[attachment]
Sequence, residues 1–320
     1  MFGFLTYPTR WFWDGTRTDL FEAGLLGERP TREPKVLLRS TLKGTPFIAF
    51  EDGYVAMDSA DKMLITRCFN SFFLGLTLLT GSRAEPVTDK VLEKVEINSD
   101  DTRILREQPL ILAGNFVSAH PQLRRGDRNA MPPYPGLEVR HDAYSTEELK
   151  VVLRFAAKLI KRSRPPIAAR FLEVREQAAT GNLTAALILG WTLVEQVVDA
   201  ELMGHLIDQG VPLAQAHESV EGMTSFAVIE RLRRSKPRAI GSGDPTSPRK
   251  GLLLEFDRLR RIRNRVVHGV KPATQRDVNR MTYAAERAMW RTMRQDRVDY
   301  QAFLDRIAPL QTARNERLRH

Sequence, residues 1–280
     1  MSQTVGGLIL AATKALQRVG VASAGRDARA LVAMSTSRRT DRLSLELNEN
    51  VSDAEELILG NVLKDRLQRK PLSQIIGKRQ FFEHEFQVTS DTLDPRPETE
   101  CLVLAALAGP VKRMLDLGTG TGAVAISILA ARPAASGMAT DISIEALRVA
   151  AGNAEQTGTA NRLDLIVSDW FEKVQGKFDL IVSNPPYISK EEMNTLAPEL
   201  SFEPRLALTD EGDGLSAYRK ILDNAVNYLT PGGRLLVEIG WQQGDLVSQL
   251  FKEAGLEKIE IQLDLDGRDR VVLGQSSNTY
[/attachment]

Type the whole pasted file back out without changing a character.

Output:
Sequence, residues 1–320
     1  MFGFLTYPTR WFWDGTRTDL FEAGLLGERP TREPKVLLRS TLKGTPFIAF
    51  EDGYVAMDSA DKMLITRCFN SFFLGLTLLT GSRAEPVTDK VLEKVEINSD
   101  DTRILREQPL ILAGNFVSAH PQLRRGDRNA MPPYPGLEVR HDAYSTEELK
   151  VVLRFAAKLI KRSRPPIAAR FLEVREQAAT GNLTAALILG WTLVEQVVDA
   201  ELMGHLIDQG VPLAQAHESV EGMTSFAVIE RLRRSKPRAI GSGDPTSPRK
   251  GLLLEFDRLR RIRNRVVHGV KPATQRDVNR MTYAAERAMW RTMRQDRVDY
   301  QAFLDRIAPL QTARNERLRH

Sequence, residues 1–280
     1  MSQTVGGLIL AATKALQRVG VASAGRDARA LVAMSTSRRT DRLSLELNEN
    51  VSDAEELILG NVLKDRLQRK PLSQIIGKRQ FFEHEFQVTS DTLDPRPETE
   101  CLVLAALAGP VKRMLDLGTG TGAVAISILA ARPAASGMAT DISIEALRVA
   151  AGNAEQTGTA NRLDLIVSDW FEKVQGKFDL IVSNPPYISK EEMNTLAPEL
   201  SFEPRLALTD EGDGLSAYRK ILDNAVNYLT PGGRLLVEIG WQQGDLVSQL
   251  FKEAGLEKIE IQLDLDGRDR VVLGQSSNTY